It is difficult not to get teary-eyed when I think about the Toy Story franchise. It is a movie franchise that I quite literally grew up on, with the first movie coming out in 1995 right when I was a young pre-schooler. And, while I may not be the biggest fan of sequels to animated films, the Toy Story franchise has managed to improve and build on its universe, touching upon subjects that its original audience may be dealing with within their own personal lives.
After Toy Story 3 came out in theaters, many of us thought that this would be the end of the franchise. Then came the announcement for Toy Story 4, which personally left me concerned. I wasn’t sure where else Disney•Pixar could go story-wise within the universe. However, Toy Story 4 ended up being a pleasant surprise, with a story that explores what it’s like to feel lost and searching for meaning in life and the adventures and self-discovery that happens on such a journey.
The movie focuses on Woody (voiced by Tom Hanks) trying to find his place in a world where his importance in Bonnie’s life is lessening as she ages. However, this is not stopping him from making sure that Bonnie succeeds, especially as she enters the life-changing time that is Kindergarten classes. After Bonnie has a successful Kindergarten orientation thanks to Woody’s interference and the creation of Forky (voiced by Tony Hale), a brand new, beloved craft project that is seen as a toy in Bonnie’s eyes, Woody has taken it upon himself to ensure that Forky doesn’t disappear from Bonnie’s life. Why? Because Forky’s presence is too important and, without Forky in her life, Woody is sure that Bonnie will no longer have the confidence to tackle Kindergarten without her new buddy. However, Forky makes it pretty dang hard for Woody as he stumbly insists that he is not a toy. In fact, Forky is “trash”.
While Woody has taken it upon himself to teach Forky about why he should embrace his identity as a toy rather than the “trash” he thinks he is, Bonnie and her family uproot the toys to embark on a much-needed family vacation before school really comes into session. Chaos ensues due to Forky’s stubborn determination, which leads to unexpected reunions for Woody when he runs into his long-lost friend Bo Peep (voiced by Annie Potts). Audiences learn at the beginning of the movie how the two were separated, which helps make the reunion more meaningful when they reunited. While the reunion is a happy time for them, Woody soon learns that Bo Peep’s life since they were separated has taken many twists and turns. She’s developed a sense of adventure and independence away from the gang. Her experience away from the gang as well as the internal dilemma he’s been grappling with makes Woody realize that there is so much that has separated them outside of distance. However, more important conflicts arise when he realizes that not only is Bonnie’s happiness in jeopardy, but his existence as a child owned toy may be soon compromised.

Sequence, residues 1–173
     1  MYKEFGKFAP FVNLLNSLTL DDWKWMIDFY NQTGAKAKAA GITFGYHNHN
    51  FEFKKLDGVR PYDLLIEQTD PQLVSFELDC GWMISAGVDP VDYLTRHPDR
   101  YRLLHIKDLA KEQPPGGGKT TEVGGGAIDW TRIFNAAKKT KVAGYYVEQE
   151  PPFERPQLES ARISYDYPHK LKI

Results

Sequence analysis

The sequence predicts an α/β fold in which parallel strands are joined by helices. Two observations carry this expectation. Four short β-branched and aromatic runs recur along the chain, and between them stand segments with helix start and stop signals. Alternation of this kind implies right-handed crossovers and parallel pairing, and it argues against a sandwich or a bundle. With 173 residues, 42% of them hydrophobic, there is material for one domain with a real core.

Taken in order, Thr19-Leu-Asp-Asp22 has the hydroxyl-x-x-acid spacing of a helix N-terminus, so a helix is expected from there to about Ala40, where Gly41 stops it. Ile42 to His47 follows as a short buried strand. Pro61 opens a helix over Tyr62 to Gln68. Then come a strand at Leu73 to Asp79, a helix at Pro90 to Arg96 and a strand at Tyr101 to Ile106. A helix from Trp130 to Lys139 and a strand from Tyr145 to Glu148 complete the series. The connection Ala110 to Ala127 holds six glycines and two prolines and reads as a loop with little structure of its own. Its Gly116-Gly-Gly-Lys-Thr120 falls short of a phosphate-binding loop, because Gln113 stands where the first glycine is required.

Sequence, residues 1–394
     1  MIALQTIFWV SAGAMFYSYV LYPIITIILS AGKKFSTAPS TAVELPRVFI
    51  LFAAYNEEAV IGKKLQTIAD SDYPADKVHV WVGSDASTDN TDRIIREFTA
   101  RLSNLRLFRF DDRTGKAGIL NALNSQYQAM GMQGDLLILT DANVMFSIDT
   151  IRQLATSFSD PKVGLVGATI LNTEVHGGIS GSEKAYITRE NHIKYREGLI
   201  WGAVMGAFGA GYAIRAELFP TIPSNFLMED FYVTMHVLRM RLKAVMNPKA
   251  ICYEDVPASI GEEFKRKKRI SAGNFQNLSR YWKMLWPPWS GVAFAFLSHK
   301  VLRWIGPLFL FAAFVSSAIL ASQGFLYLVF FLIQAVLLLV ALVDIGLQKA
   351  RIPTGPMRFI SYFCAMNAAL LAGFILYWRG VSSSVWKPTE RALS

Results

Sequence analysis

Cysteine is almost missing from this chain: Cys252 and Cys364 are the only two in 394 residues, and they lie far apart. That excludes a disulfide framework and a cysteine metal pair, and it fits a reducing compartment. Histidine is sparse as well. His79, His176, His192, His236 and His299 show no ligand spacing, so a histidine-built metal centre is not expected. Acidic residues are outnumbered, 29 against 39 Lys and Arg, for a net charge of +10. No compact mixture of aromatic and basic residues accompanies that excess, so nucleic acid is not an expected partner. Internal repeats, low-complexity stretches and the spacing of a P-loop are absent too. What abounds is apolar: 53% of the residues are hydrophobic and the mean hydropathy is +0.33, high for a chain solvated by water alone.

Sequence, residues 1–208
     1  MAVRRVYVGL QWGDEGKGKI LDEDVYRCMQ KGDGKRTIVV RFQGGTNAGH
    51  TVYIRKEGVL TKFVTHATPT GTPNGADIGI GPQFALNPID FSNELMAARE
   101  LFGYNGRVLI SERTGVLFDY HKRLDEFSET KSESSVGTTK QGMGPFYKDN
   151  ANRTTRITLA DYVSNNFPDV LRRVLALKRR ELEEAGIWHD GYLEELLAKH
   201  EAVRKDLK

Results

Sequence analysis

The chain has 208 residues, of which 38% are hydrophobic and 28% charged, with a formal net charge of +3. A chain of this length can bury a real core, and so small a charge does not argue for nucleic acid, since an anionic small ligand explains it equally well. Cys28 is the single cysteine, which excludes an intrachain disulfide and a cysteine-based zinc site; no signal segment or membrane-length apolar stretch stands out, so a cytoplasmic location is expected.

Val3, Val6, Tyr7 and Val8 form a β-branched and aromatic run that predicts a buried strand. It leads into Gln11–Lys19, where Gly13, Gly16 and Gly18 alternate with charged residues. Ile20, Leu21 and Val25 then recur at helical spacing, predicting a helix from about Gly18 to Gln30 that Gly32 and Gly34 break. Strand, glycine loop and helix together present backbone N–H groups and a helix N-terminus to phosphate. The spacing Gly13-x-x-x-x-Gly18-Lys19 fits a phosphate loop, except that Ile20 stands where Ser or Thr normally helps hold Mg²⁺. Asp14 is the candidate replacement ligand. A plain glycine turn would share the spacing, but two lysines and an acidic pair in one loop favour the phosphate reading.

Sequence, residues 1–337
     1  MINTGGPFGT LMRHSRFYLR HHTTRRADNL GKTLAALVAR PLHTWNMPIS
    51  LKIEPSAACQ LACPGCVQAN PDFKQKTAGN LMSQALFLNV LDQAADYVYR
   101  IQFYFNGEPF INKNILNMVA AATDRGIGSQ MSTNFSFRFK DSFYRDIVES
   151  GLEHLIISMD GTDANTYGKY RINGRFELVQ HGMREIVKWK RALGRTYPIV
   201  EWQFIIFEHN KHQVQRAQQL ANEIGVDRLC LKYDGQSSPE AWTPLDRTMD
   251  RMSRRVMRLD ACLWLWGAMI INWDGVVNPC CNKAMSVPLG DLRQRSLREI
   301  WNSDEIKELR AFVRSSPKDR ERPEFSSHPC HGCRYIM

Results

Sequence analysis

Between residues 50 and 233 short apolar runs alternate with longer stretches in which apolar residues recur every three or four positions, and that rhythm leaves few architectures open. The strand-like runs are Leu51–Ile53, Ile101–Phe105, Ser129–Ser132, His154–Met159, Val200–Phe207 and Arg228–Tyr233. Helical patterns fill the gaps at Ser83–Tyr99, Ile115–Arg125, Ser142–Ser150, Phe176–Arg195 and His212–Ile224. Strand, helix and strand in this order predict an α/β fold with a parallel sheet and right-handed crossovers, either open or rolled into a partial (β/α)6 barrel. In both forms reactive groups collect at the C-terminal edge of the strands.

Director Josh Cooley had a lot of pressure going into Toy Story 4 as his first feature-length film and he absolutely knocks it out of the park. However, given his background working on films like Disney•Pixar’s Up and having worked on the screenplay on Inside Out, Cooley more than knows how to handle the balance between the light-hearted fun that Disney•Pixar films contain while also maintaining that delicate balance with the more serious, oftentimes poignant themes interwoven in the script. The shots that he has framed definitely showcase not only how far Disney•Pixar has come in terms of their animation skills since the original 1995 Toy Story came out, but also shows to great effect the settings that have been designed for our favorite toy characters to maneuver around on their journey. In particular, the framing of the Antique Store was really something special because it truly felt like this unintended prison despite the fun and excitement that discovering antiques can bring.